Sunday, January 22, 2012

Pay Attention Now

Saturday's result in South Carolina tells me everything I need to know to get a person off the couch and to the voting booth.

Here's an article that appeared in American Thinker written by C. Edmund Wright. It is spot on as to what to zero in on that is going on in the country right now. After my republishing it here, I add my comment.

January 22, 2012
Psst: Hear the Roar and Pay Attention
By C. Edmund Wright

After Thursday's debate was over in Charleston, I assumed that Newt had not only survived the Marianne episode, but had benefitted from it. I also figured he would win S.C. and that Santorum would fade as a challenger to him. Everyone I knew who saw the debate reached this same conclusion.

Yet as incredible as it may seem, all day Friday we were treated to multiple reviews from members of the conservative media on how Rick Santorum "won" the Thursday night debate in Charleston and that how this would help him in South Carolina. Dick Morris flatly proclaimed that Santorum did so well he might sweep in and take second from Newt Gingrich. Morris also predicted this would mean a S.C. win and nomination for Mitt Romney.

Terrence Jeffrey also proudly proclaimed a big Santorum win in the debate. On the Rush Limbaugh Show, the host refused to give his analysis, but mentioned multiple times that his personal email caucus was swept by the Pennsylvania Senator. Charles Krauthammer, meanwhile, admitted that Newt won it "in the first three minutes" but that Santorum had a very strong night after that.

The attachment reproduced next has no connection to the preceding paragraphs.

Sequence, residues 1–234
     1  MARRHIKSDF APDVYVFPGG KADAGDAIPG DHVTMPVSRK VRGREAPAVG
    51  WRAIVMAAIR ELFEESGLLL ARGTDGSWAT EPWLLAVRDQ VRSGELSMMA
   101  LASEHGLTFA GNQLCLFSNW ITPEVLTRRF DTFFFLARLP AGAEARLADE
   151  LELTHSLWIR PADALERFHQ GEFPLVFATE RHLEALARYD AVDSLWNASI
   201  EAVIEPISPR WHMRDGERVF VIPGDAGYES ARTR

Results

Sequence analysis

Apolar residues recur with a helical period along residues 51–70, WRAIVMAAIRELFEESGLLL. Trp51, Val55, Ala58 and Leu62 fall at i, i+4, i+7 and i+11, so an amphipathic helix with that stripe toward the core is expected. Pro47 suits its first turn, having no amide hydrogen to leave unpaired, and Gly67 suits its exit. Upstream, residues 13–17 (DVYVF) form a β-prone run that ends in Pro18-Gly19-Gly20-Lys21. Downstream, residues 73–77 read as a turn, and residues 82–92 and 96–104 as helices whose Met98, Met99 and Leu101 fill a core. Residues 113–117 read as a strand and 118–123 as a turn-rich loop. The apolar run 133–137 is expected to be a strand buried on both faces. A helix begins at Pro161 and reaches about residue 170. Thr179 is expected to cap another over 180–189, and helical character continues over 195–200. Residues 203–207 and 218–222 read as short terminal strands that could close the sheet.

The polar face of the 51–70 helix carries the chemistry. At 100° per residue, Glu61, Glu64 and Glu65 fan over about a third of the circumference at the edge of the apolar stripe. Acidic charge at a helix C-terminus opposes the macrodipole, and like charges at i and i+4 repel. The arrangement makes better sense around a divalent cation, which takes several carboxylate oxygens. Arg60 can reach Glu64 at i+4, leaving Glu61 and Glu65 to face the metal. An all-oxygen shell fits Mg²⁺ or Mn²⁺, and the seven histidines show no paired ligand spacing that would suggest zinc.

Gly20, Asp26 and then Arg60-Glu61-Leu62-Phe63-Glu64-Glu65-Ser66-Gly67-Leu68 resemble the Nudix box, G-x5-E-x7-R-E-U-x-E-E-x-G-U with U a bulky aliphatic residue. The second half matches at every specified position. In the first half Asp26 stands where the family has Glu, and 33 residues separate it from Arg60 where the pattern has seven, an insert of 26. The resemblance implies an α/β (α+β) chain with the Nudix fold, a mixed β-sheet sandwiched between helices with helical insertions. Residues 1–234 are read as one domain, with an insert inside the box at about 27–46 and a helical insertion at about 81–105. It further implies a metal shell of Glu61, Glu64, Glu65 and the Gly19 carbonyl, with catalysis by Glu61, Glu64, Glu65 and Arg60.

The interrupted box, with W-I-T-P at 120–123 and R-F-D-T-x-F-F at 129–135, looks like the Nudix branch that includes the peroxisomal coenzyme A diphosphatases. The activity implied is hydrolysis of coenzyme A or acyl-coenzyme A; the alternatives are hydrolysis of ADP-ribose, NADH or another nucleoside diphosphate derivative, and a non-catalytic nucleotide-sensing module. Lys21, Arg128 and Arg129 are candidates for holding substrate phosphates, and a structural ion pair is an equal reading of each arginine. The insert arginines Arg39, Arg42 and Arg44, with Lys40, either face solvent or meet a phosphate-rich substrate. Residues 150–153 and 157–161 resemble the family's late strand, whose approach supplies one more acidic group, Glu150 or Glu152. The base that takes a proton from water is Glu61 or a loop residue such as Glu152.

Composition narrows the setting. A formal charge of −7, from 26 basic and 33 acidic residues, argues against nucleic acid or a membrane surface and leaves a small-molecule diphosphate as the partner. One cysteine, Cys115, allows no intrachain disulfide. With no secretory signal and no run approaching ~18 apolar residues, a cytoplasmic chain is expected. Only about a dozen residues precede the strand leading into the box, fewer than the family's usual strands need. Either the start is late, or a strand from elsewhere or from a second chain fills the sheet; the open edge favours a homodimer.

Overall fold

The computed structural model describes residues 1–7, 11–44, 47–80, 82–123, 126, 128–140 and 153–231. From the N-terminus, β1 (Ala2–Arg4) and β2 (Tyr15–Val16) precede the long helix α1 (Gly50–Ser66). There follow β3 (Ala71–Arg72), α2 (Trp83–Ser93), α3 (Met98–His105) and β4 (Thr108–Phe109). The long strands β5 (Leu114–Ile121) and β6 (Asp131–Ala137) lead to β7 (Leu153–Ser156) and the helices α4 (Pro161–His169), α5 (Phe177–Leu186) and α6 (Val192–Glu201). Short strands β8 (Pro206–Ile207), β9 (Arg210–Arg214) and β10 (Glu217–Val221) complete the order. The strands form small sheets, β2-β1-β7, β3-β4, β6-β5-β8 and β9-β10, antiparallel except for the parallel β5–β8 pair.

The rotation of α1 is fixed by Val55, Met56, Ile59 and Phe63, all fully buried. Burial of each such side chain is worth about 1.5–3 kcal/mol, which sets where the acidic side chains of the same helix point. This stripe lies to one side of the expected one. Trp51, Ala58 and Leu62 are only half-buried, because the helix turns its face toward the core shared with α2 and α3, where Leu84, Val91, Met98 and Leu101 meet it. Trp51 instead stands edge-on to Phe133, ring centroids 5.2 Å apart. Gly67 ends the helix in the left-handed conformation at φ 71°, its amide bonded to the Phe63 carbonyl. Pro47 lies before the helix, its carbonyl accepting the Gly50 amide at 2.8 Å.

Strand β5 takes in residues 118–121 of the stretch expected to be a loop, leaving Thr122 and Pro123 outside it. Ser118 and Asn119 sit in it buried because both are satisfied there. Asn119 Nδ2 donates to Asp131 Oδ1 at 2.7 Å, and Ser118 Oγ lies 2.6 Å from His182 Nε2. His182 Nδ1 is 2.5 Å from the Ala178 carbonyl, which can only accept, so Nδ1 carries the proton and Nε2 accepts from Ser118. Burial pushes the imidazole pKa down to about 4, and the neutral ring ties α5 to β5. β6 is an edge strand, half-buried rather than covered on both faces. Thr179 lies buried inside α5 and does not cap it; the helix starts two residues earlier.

And I'm thinking: what debate did these folks watch? Do they not pay attention to the crowd reaction? Do they not know what it indicates? Admittedly, Santorum got off some attacks that might have seemed like good hits, but they fell flat in the hall. Newt dominated crowd reaction, Mitt was a pretty clear second in that regard and of course Ron Paul's crowd was the few, the proud, the loud.

Santorum? All he got were those little polite 'golf claps' when someone out of contention taps in a bogey putt. Pay attention. This means the attacks Rick was selling were not being bought.

And where did the crowd roar? They roared when some premise of liberalism or some particular liberal was taken apart. No Republican on Republican crime was rewarded. Even Mitt, no favorite of the red meat crowd, got his loudest moments when he finally decided to support capitalism with some fervor. Newt of course got the big reaction over the week by attacking liberal members of the media who were either attacking conservative beliefs on the whole (Juan Williams and the race card) or protecting Obama by attacking Republicans' personal lives (John King).

The math is clear. While negative ads can be effective if run in huge numbers -- as in Iowa -- what the voters are craving in the debates and on the stump is someone who can look liberals squarely in the eye and tell them why we are right and they are wrong. The American conservative base has had to put up with being called stupid, racist, greedy and unfair for decades by not only the Democrats but the vast majority of the media. The pent up frustration of these decades is magnified by the fact that George H. W. Bush, Bob Dole, George W. Bush and John McCain would not or perhaps could not confront this.

In fact, rare is the Republican candidate at any level who refuses to put up with this and fights back. When they do, they become sensations. Even Chris Christie and Donald Trump -- neither one a real conservative -- earned the love of the Republican base by simply deigning to fight back. Marco Rubio and Allen West are far more popular and well known than they have any right to be simply because they refuse to accept the argument on liberals' terms. They fight. They elicit the roar.